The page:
Project description:Loss-of-function mutations in BSCL2 are responsible for Berardinelli-Seip congenital lipodystrophy, a rare disorder characterized by near absence of adipose tissue associated with insulin resistance. Seipin-deficient (Bscl2<sup>-/-</sup>) mice display an almost total loss of white adipose tissue (WAT) with residual brown adipose tissue (BAT). Previous cellular studies have shown that seipin deficiency alters white adipocyte differentiation. In this study, we aimed to decipher the consequences of seipin deficiency in BAT. Using a brown adipocyte cell-line, we show that seipin knockdown had very little effect on adipocyte differentiation without affecting insulin sensitivity and oxygen consumption. However, when submitted to cold acclimation or chronic ?3 agonist treatment, Bscl2<sup>-/-</sup> mice displayed altered thermogenic capacity, despite several signs of BAT remodeling. Under cold activation, Bscl2<sup>-/-</sup> mice were able to maintain their body temperature when fed ad libitum, but not under short fasting. At control temperature (i.e. 21?°C), fasting worsened Bscl2<sup>-/-</sup> BAT properties. Finally, Bscl2<sup>-/-</sup> BAT displayed obvious signs of insulin resistance. Our results in these lipodystrophic mice strongly suggest that BAT activity relies on WAT as an energetic substrate provider and adipokine-producing organ. Therefore, the WAT/BAT dialogue is a key component of BAT integrity in guaranteeing its response to insulin and cold-activated adrenergic signals.
Project description:To maintain core body temperature in cold conditions, mammals activate a complex multi-organ metabolic response for heat production. White adipose tissue (WAT) primarily functions as an energy reservoir, while brown adipose tissue (BAT) is activated during cold exposure to generate heat from nutrients. Both BAT and WAT undergo specific metabolic changes during acute cold exposure. Here, we use an untargeted metabolomics approach to characterize the initial metabolic response to cold exposure in multiple adipose tissue depots in mice. Results demonstrate dramatically distinct metabolic responses during cold exposure in BAT and WAT. Amino acids, nucleotide pathways, and metabolites involved in redox regulation were greatly affected 4?hours post-exposure in BAT, while no polar metabolites were observed to significantly change in WAT depots up to 6?hours post exposure. Lipid metabolism was activated early (2?hours) in both BAT and the subcutaneous WAT depots, with the most striking change being observed in the modulation of diglyceride and monoglyceride levels in BAT. Overall, these data provide a timeline of global thermogenic metabolism in adipose depots during acute cold exposure. We have highlighted differences in visceral and subcutaneous WAT thermogenic metabolism and demonstrate the distinct metabolism of BAT during cold exposure.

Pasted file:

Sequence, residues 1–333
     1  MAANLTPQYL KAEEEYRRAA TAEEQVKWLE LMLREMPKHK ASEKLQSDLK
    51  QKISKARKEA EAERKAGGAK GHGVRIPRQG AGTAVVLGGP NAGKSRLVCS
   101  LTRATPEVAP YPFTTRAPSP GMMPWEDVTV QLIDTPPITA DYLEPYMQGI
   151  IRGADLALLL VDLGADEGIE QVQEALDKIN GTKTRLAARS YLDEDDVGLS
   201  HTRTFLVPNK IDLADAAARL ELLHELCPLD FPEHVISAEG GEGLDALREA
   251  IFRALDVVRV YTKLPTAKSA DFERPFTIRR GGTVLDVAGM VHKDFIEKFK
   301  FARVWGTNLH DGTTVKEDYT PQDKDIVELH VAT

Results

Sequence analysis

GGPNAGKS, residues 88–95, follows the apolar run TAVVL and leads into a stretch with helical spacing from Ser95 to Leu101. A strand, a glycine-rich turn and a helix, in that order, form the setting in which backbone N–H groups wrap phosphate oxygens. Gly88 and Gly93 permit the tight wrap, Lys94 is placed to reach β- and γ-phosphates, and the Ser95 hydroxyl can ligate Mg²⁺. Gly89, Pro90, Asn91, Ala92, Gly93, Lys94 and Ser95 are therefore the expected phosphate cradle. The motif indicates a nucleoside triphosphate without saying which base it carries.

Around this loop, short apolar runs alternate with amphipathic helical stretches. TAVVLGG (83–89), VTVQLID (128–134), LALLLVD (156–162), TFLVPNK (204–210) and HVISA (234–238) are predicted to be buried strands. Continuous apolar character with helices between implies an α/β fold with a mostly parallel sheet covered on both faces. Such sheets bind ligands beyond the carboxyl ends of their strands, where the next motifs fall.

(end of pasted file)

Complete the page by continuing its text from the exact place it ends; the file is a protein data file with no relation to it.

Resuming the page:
Project description:Cyclin-dependent kinases (CDKs) are emerging regulators of adipose tissue metabolism. Here we aimed to explore the role of CDK7 in thermogenic fat. We found that CDK7 brown adipose tissue (BAT)-specific knockout mice (Cdk7bKO) have decreased BAT mass and impaired ?3-adrenergic signaling and develop hypothermia upon cold exposure. We found that loss of CDK7 in BAT disrupts the induction of thermogenic genes in response to cold. However, Cdk7bKO mice do not show systemic metabolic dysfunction. Increased expression of genes of the creatine metabolism compensates for the heat generation in the BAT of Cdk7bKO mice in response to cold. Finally, we show that CDK7 is required for beta 3-adrenergic agonist-induced browning of white adipose tissue (WAT). Indeed, Cdk7 ablation in all adipose tissues (Cdk7aKO) has impaired browning in WAT. Together, our results demonstrate that CDK7 is an important mediator of beta-adrenergic signaling in thermogenic brown and beige fat.